If you have multiple people living in your home and interacting with the dog, everyone needs to take some time work with them on this training method. If you’re the only one attempting to build trust and expectations with the dog, you’re probably going to end up being the only one they trust to approach them.

Consult with a Professional

If your dog is especially aggressive or you just simply want to learn more about resource guarding or aggression, contacting a progressive trainer or dog behaviorist can be incredibly valuable. If you have any small children this can be especially helpful in preventing bites, which are often brought on by resource guarding. A professional can help you address the issue quickly and learn how to better understand your dog’s behaviors and what makes them tick.


Resource guarding in dogs is a very normal but often undesirable behavior. It comes from a deep rooted primal instinct that resources are limited and need to be highly valued and protected. These protective behaviors can vary from quite passive to excessive aggression and biting.

Some dog owners just choose to accept and live with their dog’s resource guarding. But if you feel like your dog’s behavior is getting to be too much or you just want to reduce it, try these helpful steps and tips. Just remember that patience and understanding is essential to the process.


  • Thank you for this information my dog does this with her toys.

  • My experience with my dog guarding one of his toys is simply ignore the behavior…While he is growling and guarding his toy , I will walk by him and act like he isn’t there..,He gets occasional treats during the day, so if He is acting unusually snarky I will suggest a treat which can diffuse his behavior but I am care ful he doesn’t associate the treat with his behavior…

    • My French Bulldog is never aggressive with humans, regardless of the ages. She is quite aggressive with other animals. I’m definitely not okay with that behavior. I don’t know how to SAFELY use the information in this article to address the problem. Am I missing something?

  • What about aggression at dog park? My dog is obsessed with her ball at park. Will not let any other dog come near it or doesn’t like any dog in the way when I’m trying to throw it. She will grawl,show teeth and turn to attach other dog. But very strange if another dog happens to get her ball after throwing she doesn’t try to attack them she just follows them around. Also if she is taking a rest with ball beside her or close by she will growl, show teeth and basically try to attack. This does not happen with any person just dogs at dog park.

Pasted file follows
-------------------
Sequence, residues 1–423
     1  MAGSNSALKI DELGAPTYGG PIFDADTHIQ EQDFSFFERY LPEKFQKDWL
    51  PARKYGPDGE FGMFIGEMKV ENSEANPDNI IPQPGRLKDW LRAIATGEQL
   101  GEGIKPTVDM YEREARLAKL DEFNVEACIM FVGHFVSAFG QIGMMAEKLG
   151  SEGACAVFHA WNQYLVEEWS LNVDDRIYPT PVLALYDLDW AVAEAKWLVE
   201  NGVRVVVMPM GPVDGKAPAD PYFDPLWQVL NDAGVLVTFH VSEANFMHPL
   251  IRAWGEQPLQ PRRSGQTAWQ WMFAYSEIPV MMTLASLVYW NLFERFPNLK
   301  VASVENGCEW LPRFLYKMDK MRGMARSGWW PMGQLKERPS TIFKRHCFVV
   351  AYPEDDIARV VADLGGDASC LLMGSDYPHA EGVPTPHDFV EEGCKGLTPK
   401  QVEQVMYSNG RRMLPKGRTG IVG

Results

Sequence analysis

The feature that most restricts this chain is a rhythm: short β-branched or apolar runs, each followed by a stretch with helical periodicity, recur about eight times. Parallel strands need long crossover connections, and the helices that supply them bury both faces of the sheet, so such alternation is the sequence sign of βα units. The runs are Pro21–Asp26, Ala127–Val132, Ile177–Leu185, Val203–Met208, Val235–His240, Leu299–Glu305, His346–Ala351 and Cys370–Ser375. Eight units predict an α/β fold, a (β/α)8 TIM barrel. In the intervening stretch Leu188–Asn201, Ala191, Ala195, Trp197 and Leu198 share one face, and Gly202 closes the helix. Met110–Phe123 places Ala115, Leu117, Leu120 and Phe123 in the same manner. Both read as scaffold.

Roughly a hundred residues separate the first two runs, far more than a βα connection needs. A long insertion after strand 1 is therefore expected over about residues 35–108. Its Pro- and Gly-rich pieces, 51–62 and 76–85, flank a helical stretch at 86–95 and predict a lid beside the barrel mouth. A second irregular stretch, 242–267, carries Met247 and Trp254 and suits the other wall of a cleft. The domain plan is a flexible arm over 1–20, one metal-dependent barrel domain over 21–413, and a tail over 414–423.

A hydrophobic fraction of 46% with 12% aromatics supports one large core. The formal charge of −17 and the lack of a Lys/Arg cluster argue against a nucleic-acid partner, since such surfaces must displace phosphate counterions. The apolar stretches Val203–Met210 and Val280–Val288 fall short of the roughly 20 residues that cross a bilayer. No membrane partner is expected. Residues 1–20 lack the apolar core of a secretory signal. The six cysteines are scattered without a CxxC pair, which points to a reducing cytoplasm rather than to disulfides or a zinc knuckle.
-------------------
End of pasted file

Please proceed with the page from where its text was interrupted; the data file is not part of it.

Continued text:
• Quit going to the dog park. Won’t take my dogs there, as I don’t want them attacked or killed. Not e everyone who takes their dogs are trained or have current shots.

  • If you know your dog is a resource guarder, please do not bring his or her special toys with you to the dog park.

    Your dog could easily end up in a dog fight.

    The same is true if your dog is not fond of other dogs.

    Remember not to bring toys and treats to the dog park. Your dog may not be a resource guarder but there may be other dogs there who are.

    Consider tennis balls that are not high value. Many parks have tennis balls that stay at the park. Dogs are less likely to feel that they own these (although they know which ball they want!)

    Play ball with your dog in areas away from other dogs.

    Keep in mind that some dogs guard YOU. Be aware if your dog becomes upset when other dogs approach you.

    Dog parks are high stimulus and can be stressful. Keep these areas for dog socializing. Play it safe for everyone.

  • Our Dog Mickey Has this It’s awful! He will get a toy or Blanket Growl ! If you go near him he will attack you! Only happens a couple Times a day that’s enough! We are going to try a training Collar! Treats Don’t work! He only weighs 18 pounds! We are Worry we are going away what do we tell are Dog Sitter?